Link Types are used to assign commonly-used relationships between Thoughts that share a label, color, and thickness so they can be easily recognized. Link properties and types will be retained even if the two linked Thoughts change their relationship but remain linked (for example, if a child Thought becomes a jump Thought of the original Thought).
In addition to setting their color, you can add labels to Link Types and you can change the thickness of the Link to call special attention to relationships.
1. Right-click the link for which you want to create a Type, click the Link Type command, then click the New Type command.
Figure 119. Link Context Menu
2. In the dialog box, enter the name for the Link Type you want to create.
3. Click the link to display the Link tab, then click the Activate Link Type Window button.
Figure 120. Link Type Window Button
- Whatever is typed in the Label field will automatically display when you point to the link in the Plex. Changing the Label text will also automatically change the name of the Link Type.
Figure 121. Link Type Editing Box
4. To change the thickness of the link, click the drop-down list button for the Thickness field, then click the thickness of your choice.
5. Click the Color icon if you want to change the color of the Link Type.
6. Close the dialog box when you are done. The new Link Type you created will now appear in the Link Type submenu whenever a link is clicked.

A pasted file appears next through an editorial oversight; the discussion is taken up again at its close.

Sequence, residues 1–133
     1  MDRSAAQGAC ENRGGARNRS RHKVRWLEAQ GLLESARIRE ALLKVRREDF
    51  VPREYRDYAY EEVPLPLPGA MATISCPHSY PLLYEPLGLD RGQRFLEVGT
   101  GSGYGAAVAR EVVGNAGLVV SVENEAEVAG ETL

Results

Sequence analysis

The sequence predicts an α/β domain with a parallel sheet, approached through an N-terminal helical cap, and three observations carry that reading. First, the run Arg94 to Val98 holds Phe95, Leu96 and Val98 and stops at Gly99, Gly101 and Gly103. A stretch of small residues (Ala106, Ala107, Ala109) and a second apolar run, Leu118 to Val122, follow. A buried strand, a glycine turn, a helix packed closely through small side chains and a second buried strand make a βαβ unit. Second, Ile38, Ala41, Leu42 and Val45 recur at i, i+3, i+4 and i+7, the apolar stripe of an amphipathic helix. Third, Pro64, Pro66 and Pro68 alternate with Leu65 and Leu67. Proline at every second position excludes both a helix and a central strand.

Figure 122. Link Type Editing Box
To delete a Link Type:
- Click the link that is attached to the type you want to delete, click the Activate Link Type button, then click the trash can icon.
Links can also include a directional arrow pointing to or from the source Thought.
Figure 123. Directed Links
By default, links do not show a directional arrow. You can set a direction for the selected link from the Link tab.
- Non-directed links do not show any indication of either Thought being the source of the link.
A directed link shows an arrow in the middle of the link. The link becomes animated when the mouse hovers on it. The animation shows movement from the source Thought toward the target Thought. This visual cue is particularly useful when there’s a link label. For example, for the link label “Inspired” (shown below), the link’s directional arrow shows that “Hank Williams” was a source of the inspiration for Elvis. This is also very useful when you want to represent flows between items like financial relationships.
Figure 124. Hank Williams Inspired Elvis
- One-way links appear when the source of the link is active and the source Thought is already visible.
- One-way links are indicated by an arrow with a rectangle at its base.
Figure 125. One-way Link
One-way links are useful where Thought A is relevant when Thought B is active, but Thought B is not relevant when Thought A is active.
For example, you may want to see what company a person worked for when the person is the active Thought. However, for a large company with thousands of employees, you may not want to see all of the employees when that company is the active Thought. Creating a “works for” Link Type and making it one-way is a good way to do this.
Setting Link Direction
- Click the icon to the left of the One-way check box on the Link tab to switch a link between non-directed, directed, and directed in the reverse.
- Select the One-way check box to make the selected a link one-way. This option must be unchecked in order to make a link non-directed.